Greetings Chromia Developers and Community,
Welcome to the first installment of our mid-month Developer Experience Team Update! The purpose of these updates is to keep Chromia developers up to speed on the improvements being made to documentation, tooling, and network design to support them in the expansion of the Chromia ecosystem.
Moving forward, this series will become technical in nature and be primarily directed at developers. However, for our first installment, we will be providing a ‘big picture’ summary for both developers and casual readers in order to understand the importance of the DX team’s efforts to the future of Chromia.
Please note, “retail updates” focusing on development milestones, network/ecosystem expansion and marketing efforts will continue to be released at the end of each month.
What does “Developer Experience” mean?
In short, Developer Experience is the experience that developers have when they build Dapps for the Chromia platform. In order to attract and retain developers to our ecosystem, we want the experience to be as efficient and enjoyable as possible.
Most people are familiar with the term user experience, often shortened to “UX”. When websites and applications are designed, it is important to provide users with a pleasant experience so they continue to use the product/interface. One can think of developer experience “DX” as the equivalent for programmers who are building decentralized applications.
Why is improving DX important?
Chromia’s vision is to deliver a public decentralized application platform that can attract third party development and grow a vibrant ecosystem. In order to achieve this goal (especially with a custom programming language like Rell), it is necessary to provide professional grade tools and documentation.
In the early stages of the project, most development was being done by a small group of people with intimate understanding of Rell, making these improvements a lower priority. However, as the project grew in size and profile, it became clear that resources improving the overall DX would yield exponential benefits in the long term.
DX is crucial in building a platform that programmers choose to use. While Chromia will offer several technical benefits in terms of performance, scalability, and features, all of that doesn’t matter if it’s slow and clunky to build on, or difficult to learn. A good DX makes building more enjoyable, while also providing huge gains in terms of development speed.
When was the Developer Experience Team established, and how big is it?
The Developer Experience Team was established in early 2022 in order to analyze and outline the most important areas for DX improvement on Chromia. In the second half of 2022, the team was expanded to six people and work began on the identified areas for improvement.
What key tasks were achieved in 2022?
VS Code Rell Extension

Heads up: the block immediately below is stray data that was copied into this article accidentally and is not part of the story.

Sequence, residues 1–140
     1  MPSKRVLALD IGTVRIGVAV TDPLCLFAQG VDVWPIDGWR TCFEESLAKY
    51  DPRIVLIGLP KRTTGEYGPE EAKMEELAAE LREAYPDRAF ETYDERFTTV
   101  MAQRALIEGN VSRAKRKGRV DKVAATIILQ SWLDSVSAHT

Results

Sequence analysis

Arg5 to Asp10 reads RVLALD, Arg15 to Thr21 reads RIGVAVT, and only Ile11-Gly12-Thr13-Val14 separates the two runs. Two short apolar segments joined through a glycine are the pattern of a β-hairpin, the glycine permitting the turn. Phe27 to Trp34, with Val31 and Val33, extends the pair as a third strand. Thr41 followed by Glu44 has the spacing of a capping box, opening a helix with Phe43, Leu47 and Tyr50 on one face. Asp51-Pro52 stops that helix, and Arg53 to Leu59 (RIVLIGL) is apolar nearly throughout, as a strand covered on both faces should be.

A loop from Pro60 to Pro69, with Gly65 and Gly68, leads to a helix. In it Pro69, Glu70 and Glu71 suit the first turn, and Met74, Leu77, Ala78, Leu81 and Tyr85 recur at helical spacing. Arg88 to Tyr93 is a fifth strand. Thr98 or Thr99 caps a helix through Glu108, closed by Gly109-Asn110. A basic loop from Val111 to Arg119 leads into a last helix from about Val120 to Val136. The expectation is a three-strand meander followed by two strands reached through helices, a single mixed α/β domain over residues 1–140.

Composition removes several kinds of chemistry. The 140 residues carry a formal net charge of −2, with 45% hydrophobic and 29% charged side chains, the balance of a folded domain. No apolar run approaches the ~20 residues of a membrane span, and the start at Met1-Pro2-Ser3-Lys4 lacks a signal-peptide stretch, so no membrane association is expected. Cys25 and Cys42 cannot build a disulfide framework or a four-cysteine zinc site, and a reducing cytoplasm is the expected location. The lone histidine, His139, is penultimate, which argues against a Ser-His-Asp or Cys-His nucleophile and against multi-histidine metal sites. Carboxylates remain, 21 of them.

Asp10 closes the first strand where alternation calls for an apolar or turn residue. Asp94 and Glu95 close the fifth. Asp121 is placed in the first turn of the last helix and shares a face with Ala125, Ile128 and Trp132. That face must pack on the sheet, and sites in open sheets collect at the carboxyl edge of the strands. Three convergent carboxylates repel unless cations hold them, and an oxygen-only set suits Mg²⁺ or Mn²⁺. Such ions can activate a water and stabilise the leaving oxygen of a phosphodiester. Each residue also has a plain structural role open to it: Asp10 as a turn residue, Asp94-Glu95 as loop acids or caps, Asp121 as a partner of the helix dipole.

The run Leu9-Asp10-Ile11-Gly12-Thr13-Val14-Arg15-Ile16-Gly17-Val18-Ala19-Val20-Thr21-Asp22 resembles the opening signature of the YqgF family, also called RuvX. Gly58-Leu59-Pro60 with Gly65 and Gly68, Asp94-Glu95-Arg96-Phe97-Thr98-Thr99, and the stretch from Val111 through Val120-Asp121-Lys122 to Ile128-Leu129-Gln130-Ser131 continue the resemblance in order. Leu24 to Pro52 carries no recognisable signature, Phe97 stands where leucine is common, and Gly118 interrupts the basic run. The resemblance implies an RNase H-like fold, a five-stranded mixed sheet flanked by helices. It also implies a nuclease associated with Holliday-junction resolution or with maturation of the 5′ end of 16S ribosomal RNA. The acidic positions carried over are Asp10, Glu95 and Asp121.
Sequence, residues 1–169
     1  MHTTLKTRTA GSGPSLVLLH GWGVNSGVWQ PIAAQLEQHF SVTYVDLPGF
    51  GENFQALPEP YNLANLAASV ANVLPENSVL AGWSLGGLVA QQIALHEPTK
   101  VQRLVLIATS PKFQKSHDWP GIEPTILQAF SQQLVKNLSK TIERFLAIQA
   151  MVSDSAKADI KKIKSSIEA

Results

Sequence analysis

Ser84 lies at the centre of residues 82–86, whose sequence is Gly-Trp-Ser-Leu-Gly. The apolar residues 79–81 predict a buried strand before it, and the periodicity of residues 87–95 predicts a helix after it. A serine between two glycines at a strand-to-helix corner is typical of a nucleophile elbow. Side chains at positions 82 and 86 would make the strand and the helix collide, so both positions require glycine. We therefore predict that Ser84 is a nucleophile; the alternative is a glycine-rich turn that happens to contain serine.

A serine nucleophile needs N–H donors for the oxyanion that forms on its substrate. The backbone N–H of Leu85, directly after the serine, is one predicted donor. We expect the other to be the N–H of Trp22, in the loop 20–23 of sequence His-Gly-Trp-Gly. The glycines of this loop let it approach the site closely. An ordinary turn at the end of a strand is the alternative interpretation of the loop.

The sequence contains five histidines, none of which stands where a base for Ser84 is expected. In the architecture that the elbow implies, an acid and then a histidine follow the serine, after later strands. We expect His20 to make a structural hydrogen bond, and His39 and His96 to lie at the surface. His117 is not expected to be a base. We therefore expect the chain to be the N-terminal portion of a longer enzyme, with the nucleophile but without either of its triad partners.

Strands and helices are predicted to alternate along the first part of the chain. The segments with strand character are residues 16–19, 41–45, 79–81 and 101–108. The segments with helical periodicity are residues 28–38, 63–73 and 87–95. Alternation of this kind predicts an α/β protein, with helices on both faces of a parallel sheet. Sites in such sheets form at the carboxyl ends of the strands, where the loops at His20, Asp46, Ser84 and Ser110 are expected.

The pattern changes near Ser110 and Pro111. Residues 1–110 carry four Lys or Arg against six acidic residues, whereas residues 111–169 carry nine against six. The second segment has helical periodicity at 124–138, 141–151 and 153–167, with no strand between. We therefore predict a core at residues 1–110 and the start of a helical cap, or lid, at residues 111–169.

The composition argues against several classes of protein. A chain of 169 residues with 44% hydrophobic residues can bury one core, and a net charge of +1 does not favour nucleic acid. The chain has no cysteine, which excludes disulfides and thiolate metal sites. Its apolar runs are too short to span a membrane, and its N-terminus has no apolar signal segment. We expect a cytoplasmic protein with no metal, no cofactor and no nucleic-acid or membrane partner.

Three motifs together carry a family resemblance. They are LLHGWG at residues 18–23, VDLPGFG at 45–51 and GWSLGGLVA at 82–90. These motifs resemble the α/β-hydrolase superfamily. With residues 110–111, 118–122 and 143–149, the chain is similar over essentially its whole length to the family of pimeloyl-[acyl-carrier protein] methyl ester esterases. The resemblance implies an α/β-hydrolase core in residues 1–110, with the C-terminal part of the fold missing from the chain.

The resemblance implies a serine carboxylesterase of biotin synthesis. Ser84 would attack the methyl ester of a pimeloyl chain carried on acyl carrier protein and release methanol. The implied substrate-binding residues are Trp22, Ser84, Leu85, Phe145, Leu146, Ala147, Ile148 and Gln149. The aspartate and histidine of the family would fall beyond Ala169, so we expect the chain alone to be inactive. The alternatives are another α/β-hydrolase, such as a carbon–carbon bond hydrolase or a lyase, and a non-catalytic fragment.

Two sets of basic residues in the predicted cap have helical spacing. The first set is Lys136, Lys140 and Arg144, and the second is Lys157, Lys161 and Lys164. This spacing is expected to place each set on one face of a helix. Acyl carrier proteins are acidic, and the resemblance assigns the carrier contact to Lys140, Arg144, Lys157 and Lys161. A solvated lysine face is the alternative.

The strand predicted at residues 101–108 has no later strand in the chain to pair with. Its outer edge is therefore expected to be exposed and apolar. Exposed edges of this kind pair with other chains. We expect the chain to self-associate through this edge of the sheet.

In October 2022, the team published a Rell extension for Microsoft’s Visual Studio Code (often referred to as simply VS Code). This extension provides several important benefits to developers using VS Code to write Rell applications, including syntax highlighting and semantic coloring, as well as compilation errors and warning messages.
While developers will immediately understand the importance of this extension, here is a graphic from a 2022 Stack Overflow Survey that can make it clear to anyone:
The bottom line is that VS Code is the most widely used code editor, by a large margin. Providing an extension for VS Code makes Rell coding as efficient as possible for the largest number of professional developers possible.
Chromia CLI (Command Line Interface)
In December 2022, the team published the first version of Chromia CLI. The CLI is a command line tool that allows developers to launch local nodes in order to begin building and testing Rell applications. While later stage development typically occurs on a public testnet, the availability of the Chromia CLI makes it easier to begin building and testing Dapps.
Throughout Q3 and Q4 2022, the team made continuous improvements to the developer documentation, including:
- adding previously undocumented features available in Rell
- simplifying the “Getting Started” section
- improving and standardizing language and terminology
- improvements to the UX (navigation, design, etc) of the documentation site
Towards the end of 2022, the team added a dedicated technical writer whose sole focus will be to continuously improve and expand the developer documentation to ensure that it is as accurate and up to date as possible.
Some of our goals for 2023:
- Continuous updating and improvement of developer documentation
- Improved documentation outlining how Chromia works as a whole (expanding and improving upon the whitepaper)
- Documentation outlining how to set up your own Chromia network for development or enterprise purposes
- Creating documentation and packaging for our already existing C#/Unity client (primarily used for game development) as well as our Kotlin client
That’s All for Now!
As mentioned at the outset, these mid-month DX updates will be primarily developer focused. However, we welcome casual users, retail investors, and all stakeholders from the Chromia community to follow along with our progress.
Providing an efficient and enjoyable environment for developers is critical to fueling the long term success and sustainability of the Chromia Network, and we are working day in and day out to do just that.
The Chromia Developer Experience Team
Modern society runs on data and every online service you’re using is built upon underlying databases - ranging from your online bank to music streaming and gaming. Chromia is a relational blockchain - a combination of a relational database and a blockchain - making it easy to develop user-friendly decentralized apps for almost any industry, including DeFi, NFTs, gaming, and more.
Source : Developer Experience Team - Monthly Update #1 (January 2023)